Boston Breakers 2, Western New York 2 – Having fired head coach Lisa Cole during the week, Boston took to the field with interim coach Cat Whitehill in central defense, the legendary Kristine Lilly serving as her former teammate’s sideline assistant. The change seemed to inspire Boston to a 2-0 lead, with play off corner kicks leading to goals from Kyah Simon (17′) and Lianne Sanderson (65′).  Then came the collapse, a defensive Breakers side unable to prevent Vicki DiMartino and, five minutes from time, Carli Lloyd from snatching a point for Western New York.

Implications: For the Flash, the comeback is nice, but the result won’t help their quest for a home playoff game. It did, however, eliminate Seattle from the playoffs.

For Boston, Lisa Cole walked the line between being liked and getting results. The organization felt she was underachieving, and although they pulled the trigger on the move three weeks too late to have an meaningful impact on their playoff chances, Boston felt this was their hail mary chance to save their season.

There were questions about her tactics. There were questions about her ability to manage the team’s bigger egos. There were questions about her preferences, carrying over so many Breakers from last year’s WPSL Elite team into this year’s squad. All those quandaries were answered by a bottom line that sees Boston in sixth place, a standing that cost Cole her job.

Chicago Red Stars 3, Seattle Reign FC 1 – Just over one week earlier, Chicago was being routed in Tukwila, 4-1. Consider this the Red Stars’ revenge. Early, dubious penalties converted by Sonja Fuss and Kaylyn Kyle (two central defenders taking PKs) meant a Hope Solo mistake in the 41st minute would be the difference at halftime. The Seattle keeper’s bad pass gifted Inka Grings an easy 41st minute conversion.  In the 72nd, Grings completed her double, keeping Chicago on the fringe of the postseason.

Implications: Chicago stays in position to take advantage if Western New York stumble, though with the team moving back to “five hundred”  (7-7-5), there was some personal pride to be taken from the result. They can also take heart in their first sellout crowd of the season.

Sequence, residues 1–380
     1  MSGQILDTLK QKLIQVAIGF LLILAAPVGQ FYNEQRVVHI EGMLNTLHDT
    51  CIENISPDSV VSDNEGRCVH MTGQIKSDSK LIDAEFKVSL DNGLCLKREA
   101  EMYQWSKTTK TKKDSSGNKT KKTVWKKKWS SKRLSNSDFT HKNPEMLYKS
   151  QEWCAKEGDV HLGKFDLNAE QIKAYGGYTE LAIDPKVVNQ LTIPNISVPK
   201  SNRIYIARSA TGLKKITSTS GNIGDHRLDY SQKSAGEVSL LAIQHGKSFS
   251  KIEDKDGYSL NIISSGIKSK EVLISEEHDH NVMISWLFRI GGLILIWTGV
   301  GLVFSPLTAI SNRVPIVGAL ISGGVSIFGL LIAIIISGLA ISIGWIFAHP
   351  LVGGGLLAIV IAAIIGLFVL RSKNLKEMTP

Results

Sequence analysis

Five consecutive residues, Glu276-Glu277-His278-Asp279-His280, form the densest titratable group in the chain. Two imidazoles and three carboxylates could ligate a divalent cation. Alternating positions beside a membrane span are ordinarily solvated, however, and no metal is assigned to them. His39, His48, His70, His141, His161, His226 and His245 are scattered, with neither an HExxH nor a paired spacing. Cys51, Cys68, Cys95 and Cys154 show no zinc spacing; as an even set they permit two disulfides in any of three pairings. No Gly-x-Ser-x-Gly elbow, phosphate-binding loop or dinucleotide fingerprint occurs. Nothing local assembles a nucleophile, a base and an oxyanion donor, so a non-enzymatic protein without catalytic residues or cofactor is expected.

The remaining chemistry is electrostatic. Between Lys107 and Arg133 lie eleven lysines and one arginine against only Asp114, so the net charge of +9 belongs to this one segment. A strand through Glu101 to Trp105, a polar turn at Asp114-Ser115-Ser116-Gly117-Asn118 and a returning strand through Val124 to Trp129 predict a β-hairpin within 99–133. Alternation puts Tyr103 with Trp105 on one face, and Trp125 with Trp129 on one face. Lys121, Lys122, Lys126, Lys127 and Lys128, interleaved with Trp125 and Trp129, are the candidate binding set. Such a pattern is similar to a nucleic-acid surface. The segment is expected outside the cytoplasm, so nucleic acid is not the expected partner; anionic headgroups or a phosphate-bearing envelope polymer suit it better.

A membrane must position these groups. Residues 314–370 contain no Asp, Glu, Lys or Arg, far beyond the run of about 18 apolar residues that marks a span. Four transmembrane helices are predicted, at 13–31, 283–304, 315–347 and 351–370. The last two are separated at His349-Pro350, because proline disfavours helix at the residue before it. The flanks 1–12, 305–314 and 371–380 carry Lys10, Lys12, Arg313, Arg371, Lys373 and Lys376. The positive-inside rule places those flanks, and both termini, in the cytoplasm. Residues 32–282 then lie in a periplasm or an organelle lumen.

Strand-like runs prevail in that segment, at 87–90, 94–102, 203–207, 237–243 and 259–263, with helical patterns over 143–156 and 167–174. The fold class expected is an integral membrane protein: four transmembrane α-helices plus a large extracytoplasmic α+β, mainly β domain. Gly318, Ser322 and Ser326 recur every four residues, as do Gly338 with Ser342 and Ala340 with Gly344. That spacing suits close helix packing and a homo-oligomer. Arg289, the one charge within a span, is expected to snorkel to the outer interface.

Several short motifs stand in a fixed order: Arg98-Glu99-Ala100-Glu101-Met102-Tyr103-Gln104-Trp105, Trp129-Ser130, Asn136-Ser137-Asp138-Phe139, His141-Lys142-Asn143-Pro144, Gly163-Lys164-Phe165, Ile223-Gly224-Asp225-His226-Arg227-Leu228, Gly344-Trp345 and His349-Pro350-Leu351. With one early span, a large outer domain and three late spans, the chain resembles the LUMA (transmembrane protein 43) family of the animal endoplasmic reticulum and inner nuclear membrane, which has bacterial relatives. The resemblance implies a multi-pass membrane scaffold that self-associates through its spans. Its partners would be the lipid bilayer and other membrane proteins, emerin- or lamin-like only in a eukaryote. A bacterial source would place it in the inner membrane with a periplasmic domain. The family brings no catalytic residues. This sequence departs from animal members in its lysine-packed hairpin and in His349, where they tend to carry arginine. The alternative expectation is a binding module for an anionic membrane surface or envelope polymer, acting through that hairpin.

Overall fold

For Seattle, the run had to end sometime, though seeing it end after a couple of preventable goals is unlikely to placate Laura Harvey. This was an unexpectedly sloppy performance from the Reign, but having been eliminated from playoff contention at halftime (by the Western New York result), maybe their run was over before Grings sealed their coffin.

League Leaders

Goals Assists
Lauren Holiday (FCKC) 12 Lauren Holiday (FCKC) 9
Abby Wambach (WNY) 10 Lianne Sanderson (BOS) 7
Sydney Leroux (BOS) 10 Abby Wambach (WNY) 6
Alex Morgan (PTFC) 8 Heather O’Reilly (BOS) 6
2 tied at 7 5 tied at 5

Sky Blue FC 1, Washington Spirit 0 – After giving up 23 shots in Rochester, Washington gave up 17 to a Sky Blue team that didn’t even have to break the glass on the hobbled Lisa De Vanna. Monica Ocampo, quietly up to six goals on the year (scoring every 120 minutes), notched the game’s only goal, though it took the home side 58 minutes to break through on the normally generous Spirit. Chantel Jones, stepping in for the injured Ashlyn Harris, helped stem that tide, though with only one shot on Sky Blue’s Jillian Loyden, Washington couldn’t solve their problems going forward.

Implications: Sky Blue snapped their three-game losing streak, but as was the case with Western New York, this game was an obligatory three points. A 1-0 against the Spirit isn’t exactly a rallying point. For Washington, however, the game was an improvement on the battering they took in Rochester, though after scoring twice last weekend, their goal-scoring problems seem to have returned.

Sunday, August 4